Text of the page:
Though creative director Pierpaolo Piccioli is a certified hit with critics, Valentino has found it difficult to translate his well-received designs into dollar signs. This angle may have inspired the Valentino board’s decision to recruit former Gucci executive Jacopo Venturini as the luxury house’s new CEO.
Venturini is returning to Valentino for a third time, having served under house founder Valentino Garavani in the early 2000s and co-designers Piccioli and Maria Grazia Chiuri from 2008 to 2015. These were two commercially successful eras for the somewhat troubled fashion label, which has seen sales slow in recent years.
From 2017 to 2019, figures rose by approximately €30 million EUR (approximately $32 million USD) each year — a positive sign, to be sure, but its €1.22 billion EUR (approximately $1.32 billion USD) take in 2019 was less than 1 percent growth from the last year, a smaller figure than its rivals. For comparison, Prada reported sales of €3.142 billion EUR [approximately $3.6 billion USD] in 2019, a 3 percent boost.
As Gucci’s Executive Vice President of Merchandising and Global Markets from 2015 until 2020, Venturini oversaw the rise of Alessandro Michele and played a key role in boosting Gucci’s global reputation. His strategies included doing away with sales and interpreting Michele’s head-turning runway presentations into diverse product selections, transforming Gucci from a €3.5 billion EUR ($3.8 billion USD) company in 2014 into a €9.6 billion EUR ($10.4 billion USD) brand by 2019.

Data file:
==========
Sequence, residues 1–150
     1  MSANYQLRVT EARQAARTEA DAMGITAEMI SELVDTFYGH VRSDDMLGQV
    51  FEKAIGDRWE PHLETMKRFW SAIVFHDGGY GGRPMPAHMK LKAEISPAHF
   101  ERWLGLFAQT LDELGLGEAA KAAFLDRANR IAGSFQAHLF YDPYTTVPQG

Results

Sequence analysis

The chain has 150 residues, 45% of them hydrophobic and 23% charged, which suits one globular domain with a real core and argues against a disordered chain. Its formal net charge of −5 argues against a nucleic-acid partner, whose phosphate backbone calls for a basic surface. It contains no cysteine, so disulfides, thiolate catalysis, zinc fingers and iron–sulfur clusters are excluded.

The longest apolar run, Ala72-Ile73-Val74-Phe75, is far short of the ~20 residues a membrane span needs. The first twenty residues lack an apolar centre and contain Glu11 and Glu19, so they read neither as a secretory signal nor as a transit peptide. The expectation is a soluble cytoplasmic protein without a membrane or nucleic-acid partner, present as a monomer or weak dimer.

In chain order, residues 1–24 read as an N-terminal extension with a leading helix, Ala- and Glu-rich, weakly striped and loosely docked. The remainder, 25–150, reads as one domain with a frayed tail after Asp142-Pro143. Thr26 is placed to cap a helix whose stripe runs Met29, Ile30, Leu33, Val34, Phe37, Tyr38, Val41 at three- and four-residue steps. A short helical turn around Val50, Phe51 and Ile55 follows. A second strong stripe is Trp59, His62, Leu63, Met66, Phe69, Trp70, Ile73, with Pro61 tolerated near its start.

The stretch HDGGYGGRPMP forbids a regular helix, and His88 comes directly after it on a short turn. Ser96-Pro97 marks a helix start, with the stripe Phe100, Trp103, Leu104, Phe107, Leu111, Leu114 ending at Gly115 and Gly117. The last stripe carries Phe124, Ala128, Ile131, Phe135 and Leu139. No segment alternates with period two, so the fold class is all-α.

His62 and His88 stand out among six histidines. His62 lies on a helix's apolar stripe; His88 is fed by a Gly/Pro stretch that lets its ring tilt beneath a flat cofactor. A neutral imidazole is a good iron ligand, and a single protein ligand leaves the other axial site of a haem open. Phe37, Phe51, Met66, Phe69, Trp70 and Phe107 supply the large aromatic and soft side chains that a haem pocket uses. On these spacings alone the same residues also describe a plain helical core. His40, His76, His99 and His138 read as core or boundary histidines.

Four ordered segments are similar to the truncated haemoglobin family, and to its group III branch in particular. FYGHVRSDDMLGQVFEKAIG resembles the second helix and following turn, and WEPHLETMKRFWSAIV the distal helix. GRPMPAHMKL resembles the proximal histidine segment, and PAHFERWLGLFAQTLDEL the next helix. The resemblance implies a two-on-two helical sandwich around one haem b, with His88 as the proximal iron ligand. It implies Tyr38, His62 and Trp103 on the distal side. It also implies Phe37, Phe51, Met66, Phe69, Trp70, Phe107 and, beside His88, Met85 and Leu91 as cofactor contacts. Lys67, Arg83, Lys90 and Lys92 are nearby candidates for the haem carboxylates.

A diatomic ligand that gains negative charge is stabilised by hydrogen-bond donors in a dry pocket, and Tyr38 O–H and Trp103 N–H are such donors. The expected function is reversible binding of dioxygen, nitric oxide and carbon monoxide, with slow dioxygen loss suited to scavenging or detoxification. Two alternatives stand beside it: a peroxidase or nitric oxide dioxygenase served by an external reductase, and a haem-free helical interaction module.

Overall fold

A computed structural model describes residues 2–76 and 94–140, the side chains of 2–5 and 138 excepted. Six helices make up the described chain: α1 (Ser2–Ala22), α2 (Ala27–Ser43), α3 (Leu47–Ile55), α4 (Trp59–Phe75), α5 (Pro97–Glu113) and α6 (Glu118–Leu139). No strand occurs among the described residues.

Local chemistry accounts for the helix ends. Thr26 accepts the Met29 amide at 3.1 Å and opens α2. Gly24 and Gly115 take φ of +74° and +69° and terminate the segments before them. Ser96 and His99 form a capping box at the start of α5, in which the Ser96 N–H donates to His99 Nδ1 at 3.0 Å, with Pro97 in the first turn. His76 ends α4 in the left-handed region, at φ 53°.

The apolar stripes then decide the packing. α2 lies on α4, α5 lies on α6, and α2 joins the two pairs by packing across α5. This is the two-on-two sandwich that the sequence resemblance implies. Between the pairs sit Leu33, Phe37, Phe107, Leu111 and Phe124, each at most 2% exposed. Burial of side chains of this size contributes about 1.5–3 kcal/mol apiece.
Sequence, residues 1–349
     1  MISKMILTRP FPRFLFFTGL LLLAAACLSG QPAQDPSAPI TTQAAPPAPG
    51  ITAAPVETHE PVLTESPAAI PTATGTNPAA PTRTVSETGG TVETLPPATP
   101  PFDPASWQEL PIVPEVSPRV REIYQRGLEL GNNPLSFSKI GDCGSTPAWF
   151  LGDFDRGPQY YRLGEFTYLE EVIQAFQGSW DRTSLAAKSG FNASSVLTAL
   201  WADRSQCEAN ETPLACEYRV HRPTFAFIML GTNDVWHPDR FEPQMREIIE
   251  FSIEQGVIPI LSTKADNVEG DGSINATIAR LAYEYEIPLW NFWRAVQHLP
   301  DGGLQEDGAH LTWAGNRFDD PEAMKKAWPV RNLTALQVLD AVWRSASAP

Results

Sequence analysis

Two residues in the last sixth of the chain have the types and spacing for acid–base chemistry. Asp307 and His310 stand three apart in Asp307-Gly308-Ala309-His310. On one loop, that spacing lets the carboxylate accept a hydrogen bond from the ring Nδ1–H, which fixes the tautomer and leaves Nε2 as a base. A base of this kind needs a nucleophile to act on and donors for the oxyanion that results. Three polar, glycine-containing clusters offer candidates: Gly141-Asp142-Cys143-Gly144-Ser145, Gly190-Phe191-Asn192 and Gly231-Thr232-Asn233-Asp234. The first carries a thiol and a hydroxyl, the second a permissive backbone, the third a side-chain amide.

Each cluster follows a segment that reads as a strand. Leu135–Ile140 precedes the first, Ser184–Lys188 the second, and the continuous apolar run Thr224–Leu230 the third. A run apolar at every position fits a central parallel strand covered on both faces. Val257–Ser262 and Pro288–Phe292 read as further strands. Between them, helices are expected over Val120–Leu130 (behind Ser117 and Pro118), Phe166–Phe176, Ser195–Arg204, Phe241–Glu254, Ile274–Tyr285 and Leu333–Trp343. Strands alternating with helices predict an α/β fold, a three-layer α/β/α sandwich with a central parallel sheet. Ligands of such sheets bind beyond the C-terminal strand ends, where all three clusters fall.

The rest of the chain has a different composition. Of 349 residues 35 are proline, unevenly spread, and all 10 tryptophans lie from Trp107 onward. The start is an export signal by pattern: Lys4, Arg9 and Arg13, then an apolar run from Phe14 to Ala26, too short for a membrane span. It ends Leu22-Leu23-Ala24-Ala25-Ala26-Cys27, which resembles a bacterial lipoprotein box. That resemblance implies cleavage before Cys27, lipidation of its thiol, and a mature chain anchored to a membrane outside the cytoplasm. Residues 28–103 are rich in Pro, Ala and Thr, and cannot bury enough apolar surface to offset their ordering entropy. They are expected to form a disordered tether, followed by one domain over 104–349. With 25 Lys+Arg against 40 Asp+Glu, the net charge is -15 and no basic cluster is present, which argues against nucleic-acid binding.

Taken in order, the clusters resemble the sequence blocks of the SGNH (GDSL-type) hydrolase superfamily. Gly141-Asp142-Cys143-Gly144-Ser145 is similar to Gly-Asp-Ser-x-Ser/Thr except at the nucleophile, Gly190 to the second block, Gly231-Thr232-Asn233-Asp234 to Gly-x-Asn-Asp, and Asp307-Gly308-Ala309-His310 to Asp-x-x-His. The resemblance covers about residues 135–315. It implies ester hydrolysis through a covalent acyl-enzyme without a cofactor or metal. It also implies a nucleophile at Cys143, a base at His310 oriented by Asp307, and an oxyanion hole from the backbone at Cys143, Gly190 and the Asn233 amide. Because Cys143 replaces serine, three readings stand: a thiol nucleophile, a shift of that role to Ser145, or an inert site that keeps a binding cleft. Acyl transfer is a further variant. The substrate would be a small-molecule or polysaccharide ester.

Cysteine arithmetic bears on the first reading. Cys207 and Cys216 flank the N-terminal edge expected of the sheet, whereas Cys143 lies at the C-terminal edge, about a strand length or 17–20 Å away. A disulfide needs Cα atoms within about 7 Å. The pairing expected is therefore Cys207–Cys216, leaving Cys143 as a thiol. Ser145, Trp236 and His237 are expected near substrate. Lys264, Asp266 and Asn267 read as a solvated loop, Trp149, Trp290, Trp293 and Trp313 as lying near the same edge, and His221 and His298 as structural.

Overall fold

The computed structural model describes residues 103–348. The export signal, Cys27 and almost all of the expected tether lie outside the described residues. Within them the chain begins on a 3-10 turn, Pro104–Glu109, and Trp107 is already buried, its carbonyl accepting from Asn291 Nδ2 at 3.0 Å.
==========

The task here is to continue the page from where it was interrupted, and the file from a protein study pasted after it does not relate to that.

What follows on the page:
Mayhoola for Investments, the Qatari group that owns Valentino and Balmain, hopes that Venturini can work his magic on the luxury label when he takes over the CEO position from Stefano Sassi on June 1. “Valentino means heritage and future to me,” he said in a statement. “It will be a pleasure working arm in arm with Pierpaolo.“Source Business Of Fashion